Deviance, gender and the ‘aberrant female’ in horror, part I.

The Final Girl and The Slut.

Unrequited lesbian love gone terribly, terribly wrong in Alexandre Aja’s “Haute Tension” (2003).

Recently, I settled down to watch Alexandre Aja’s Haute Tension (2003), a masterpiece of ‘New French Extremity‘ which had eluded me until now. Like many films of its pedigree, Haute Tension features sadistic sexuality, extreme violence, and generous amounts of gore. Without spoiling the end — as the real strength of this film lies near the end — there was also a clever plot twist that plays with gender and the roles typically associated with female characters in the genre. Women are still traditionally cast as victims in horror, and most particularly in the ‘slasher’ or serial-killer subgenre, so it is considered subversive when they are portrayed as the perpetrators of violence. In fact, it is so outside of the ‘norm’ that an additional reason is frequently given for the violent woman’s aberrant behaviour. In the 1978 ‘exploitation’ film I Spit On Your Grave, the motivation behind the female lead’s murderous rampage is revenge for her brutal gang rape. The homicidal intruder in À l’intérieur (2007) has been driven insane by her obsessive desire for a child. In Haute Tension, unrequited lesbian love factors into the killer’s actions. These various reasons — trauma, mental instability, and homosexuality — firmly place the behaviour of these women outside of ‘normal’ and in the realm of the deviant.

The depiction of deviance, women & gender in horror cinema is a big, big topic indeed — one that warrants more than one blog post. Let’s start by looking at two of the most common tropes in the horror genre:

Sigourney Weaver as Ripley in the Ridley Scott sci-fi/horror classic “Alien” (1979).

1. The ‘Final Girl’ or ‘The Virgin.’ She’s that pretty, but not too sexy, girl-next-door who just might have a boyfriend, but he’s never gotten passed First Base. In the formulaic ‘slasher’ film — a subgenre of horror that dominated the late 70’s and the decade of the 1980’s — she’s the only girl left standing at the finale. The slasher film is a modern-day cautionary tale, and the Final Girl is spared the violent deaths visited upon her sexier classmates by reason of her virtue. She is frequently characterized as tom-boyish, even androgynous. Ripley (Sigourney Weaver) from the Alien series is a prime example of the masculinized Final Girl. Recent horror cinema has reconfigured and, at times, even subverted the Final Girl: an argument can be made that Marie in Aja’s Haute Tension is a subversion of this trope (her very short boyish hair, her extreme athleticism, apparent heroism, and her sexual orientation).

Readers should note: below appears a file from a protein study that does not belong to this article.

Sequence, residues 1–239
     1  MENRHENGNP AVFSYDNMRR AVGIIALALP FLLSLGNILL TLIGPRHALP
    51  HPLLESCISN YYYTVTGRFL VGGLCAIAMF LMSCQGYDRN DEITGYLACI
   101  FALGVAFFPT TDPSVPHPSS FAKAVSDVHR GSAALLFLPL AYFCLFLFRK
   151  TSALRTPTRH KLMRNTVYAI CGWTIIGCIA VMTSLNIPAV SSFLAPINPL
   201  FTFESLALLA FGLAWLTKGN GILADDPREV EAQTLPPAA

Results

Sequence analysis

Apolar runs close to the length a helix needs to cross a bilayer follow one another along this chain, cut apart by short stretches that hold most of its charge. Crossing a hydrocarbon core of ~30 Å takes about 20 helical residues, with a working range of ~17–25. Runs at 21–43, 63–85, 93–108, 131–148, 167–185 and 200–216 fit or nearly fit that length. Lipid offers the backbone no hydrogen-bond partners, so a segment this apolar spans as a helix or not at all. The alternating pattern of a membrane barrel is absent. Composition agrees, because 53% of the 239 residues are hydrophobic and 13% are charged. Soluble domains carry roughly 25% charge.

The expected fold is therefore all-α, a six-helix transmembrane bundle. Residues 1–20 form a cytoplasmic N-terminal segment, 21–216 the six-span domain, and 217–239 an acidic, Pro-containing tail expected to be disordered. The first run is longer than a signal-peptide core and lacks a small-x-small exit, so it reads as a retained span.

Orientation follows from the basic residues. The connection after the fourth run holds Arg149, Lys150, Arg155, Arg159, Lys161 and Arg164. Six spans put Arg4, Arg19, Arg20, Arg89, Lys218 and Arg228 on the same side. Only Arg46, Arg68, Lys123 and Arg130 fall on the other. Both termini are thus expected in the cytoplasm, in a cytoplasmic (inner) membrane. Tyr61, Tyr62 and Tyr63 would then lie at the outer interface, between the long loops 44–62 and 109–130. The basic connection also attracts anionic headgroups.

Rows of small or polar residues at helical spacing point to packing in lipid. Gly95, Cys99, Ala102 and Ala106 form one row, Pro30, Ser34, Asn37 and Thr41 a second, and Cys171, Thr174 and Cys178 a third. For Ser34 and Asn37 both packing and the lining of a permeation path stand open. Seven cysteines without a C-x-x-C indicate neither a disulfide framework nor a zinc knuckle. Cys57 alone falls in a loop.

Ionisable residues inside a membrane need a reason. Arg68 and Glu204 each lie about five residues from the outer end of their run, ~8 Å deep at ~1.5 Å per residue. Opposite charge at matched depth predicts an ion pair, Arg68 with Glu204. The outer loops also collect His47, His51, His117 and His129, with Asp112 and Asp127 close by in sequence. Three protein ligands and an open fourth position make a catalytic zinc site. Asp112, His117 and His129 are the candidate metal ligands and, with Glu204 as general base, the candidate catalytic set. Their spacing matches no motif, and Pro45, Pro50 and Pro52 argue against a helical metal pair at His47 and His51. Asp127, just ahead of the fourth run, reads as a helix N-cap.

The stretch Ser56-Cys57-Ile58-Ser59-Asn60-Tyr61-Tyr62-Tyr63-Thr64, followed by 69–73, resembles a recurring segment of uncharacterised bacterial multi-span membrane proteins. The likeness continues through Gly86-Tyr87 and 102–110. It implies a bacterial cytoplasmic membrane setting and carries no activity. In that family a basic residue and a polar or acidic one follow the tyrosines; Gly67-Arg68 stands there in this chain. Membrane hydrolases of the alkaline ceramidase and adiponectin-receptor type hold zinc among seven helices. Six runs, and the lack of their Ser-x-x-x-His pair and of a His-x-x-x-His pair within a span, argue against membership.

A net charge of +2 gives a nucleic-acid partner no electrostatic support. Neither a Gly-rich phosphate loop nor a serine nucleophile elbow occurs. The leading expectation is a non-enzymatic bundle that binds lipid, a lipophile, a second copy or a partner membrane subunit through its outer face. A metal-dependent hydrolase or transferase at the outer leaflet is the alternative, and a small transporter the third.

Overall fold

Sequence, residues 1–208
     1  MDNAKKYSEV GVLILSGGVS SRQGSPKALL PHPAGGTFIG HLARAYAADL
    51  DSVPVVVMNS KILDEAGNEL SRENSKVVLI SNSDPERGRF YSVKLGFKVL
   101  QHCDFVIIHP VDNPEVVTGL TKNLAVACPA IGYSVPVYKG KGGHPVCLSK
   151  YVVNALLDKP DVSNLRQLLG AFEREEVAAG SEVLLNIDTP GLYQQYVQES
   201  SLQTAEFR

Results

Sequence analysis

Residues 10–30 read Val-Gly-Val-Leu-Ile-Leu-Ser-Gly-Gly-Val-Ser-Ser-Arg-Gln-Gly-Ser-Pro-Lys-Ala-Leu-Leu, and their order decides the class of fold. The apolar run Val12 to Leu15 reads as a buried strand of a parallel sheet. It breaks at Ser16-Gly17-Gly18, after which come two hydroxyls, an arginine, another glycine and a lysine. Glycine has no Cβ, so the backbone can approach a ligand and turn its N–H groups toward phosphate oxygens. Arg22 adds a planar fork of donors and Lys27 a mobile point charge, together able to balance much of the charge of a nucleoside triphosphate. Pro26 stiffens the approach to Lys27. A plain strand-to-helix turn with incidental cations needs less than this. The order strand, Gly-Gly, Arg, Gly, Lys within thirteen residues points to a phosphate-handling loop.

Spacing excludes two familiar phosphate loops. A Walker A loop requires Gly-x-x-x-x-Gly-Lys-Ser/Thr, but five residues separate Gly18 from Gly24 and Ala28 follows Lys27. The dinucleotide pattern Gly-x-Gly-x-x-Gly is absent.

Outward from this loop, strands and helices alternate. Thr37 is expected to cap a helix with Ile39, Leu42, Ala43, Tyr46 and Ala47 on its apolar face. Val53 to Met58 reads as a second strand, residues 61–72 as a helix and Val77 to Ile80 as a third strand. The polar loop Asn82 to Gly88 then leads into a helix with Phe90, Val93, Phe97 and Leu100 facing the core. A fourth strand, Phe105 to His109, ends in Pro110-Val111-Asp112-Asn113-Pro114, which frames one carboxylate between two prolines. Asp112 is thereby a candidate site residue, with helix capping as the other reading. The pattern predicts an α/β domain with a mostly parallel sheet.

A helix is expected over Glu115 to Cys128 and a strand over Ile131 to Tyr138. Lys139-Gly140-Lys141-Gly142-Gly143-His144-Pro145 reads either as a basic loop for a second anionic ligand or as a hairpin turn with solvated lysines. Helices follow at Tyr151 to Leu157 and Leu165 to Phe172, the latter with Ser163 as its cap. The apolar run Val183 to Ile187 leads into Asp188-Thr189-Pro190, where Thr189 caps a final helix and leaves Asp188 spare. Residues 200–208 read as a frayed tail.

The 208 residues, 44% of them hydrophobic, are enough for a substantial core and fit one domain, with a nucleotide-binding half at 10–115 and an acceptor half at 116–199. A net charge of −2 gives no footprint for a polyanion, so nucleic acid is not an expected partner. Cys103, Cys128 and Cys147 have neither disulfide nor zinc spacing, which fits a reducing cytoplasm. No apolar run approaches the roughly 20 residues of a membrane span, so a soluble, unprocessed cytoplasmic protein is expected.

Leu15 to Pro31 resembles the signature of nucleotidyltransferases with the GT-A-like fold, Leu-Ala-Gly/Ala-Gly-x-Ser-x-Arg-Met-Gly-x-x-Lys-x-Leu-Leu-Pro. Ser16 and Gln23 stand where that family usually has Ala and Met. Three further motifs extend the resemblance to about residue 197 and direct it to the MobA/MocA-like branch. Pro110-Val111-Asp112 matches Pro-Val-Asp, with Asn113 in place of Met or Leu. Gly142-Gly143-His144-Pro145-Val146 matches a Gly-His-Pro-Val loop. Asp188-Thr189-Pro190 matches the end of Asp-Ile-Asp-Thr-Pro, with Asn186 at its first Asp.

Margot Kidder plays Barb, the drinking, smoking, sexually active Slut in Bob Clark’s “Black Christmas” (1974).

2. The Slut. She’s the counterpoint to the Final Girl, the girl in the film who engages in all sorts of nasty vice and most likely has a nasty attitude to match. According to the morality play/slasher film, she’s destined to meet a grisly end, probably twitching at the end of a pitchfork. A big, rigid pitchfork. The chain-smoking Barb (Margot Kidder) from Bob Clark’s genre-defining Black Christmas (1974) fits this role perfectly. While her lifestyle has her marked for an untimely death, she’s also the sororiety sister with the most moxy. (You can read more about Black Christmas in my earlier post on the film.)

Next post –>

Horror Films 101: Favourite death scenes.

For the past three years, it’s been a pre-Halloween tradition of mine that I compile a geekish list relating to horror films. I’m presently working on 2010’s Halloween list. Doubtless, you are all aquiver with anticipation. Just to whet your ghoulish appetite, here’s a repost of the list I originally created on Facebook last Halloween listing my “Top 5 Favourite Death Scenes from a Horror Film.” Enjoy. Note: NOT FOR THE SQUEAMISH.

5. The death sequence that appears in the first 15 minutes of Dario Argento’s Suspiria is fantastically operatic in its baroque excess. Argento blows his cinematic load early, though, as the rest of this cult classic is fairly lacklustre. The music provided by the Italian prog-rock outfit Goblin, however, is wonderful and fittingly creepy.

4. The death of Captain Rhodes in George A. Romero’s Day of the Dead. This character was such a tightly-wound military jerk-off that you couldn’t help but cheer when the zombies finally got a hold of him.

3. Udo Kier plays a pale, sickly Count Dracula in search of “wergin” blood in Paul Morissey’s adaptation of the legendary vampire story, the Andy Warhol produced Blood for Dracula. Dracula meets his final comeuppance at the end of Joe Dallesandro’s axe in a scene of hilarious, way over-the-top gore. Couldn’t find the entire scene on Youtube but here’s a nifty mash-up with the Pixies that features the end sequence.

2. Final death scene in 1958’s The Horror of Dracula. I adore the films of Britain’s Hammer Studios, a.k.a. the “Hammer Horrors.” Christopher Lee stars as Dracula and Peter Cushing as his earthly nemesis, Van Helsing. Many a Saturday afternoon of my youth was spent watching these classic horror films. The video clip below is of regrettably poor quality, but it’s a fantastic sequence.

1. John Hurt births an alien at the dinner table in Ridley Scott’s Alien. Oh, c’mon, who hasn’t seen this famous sequence?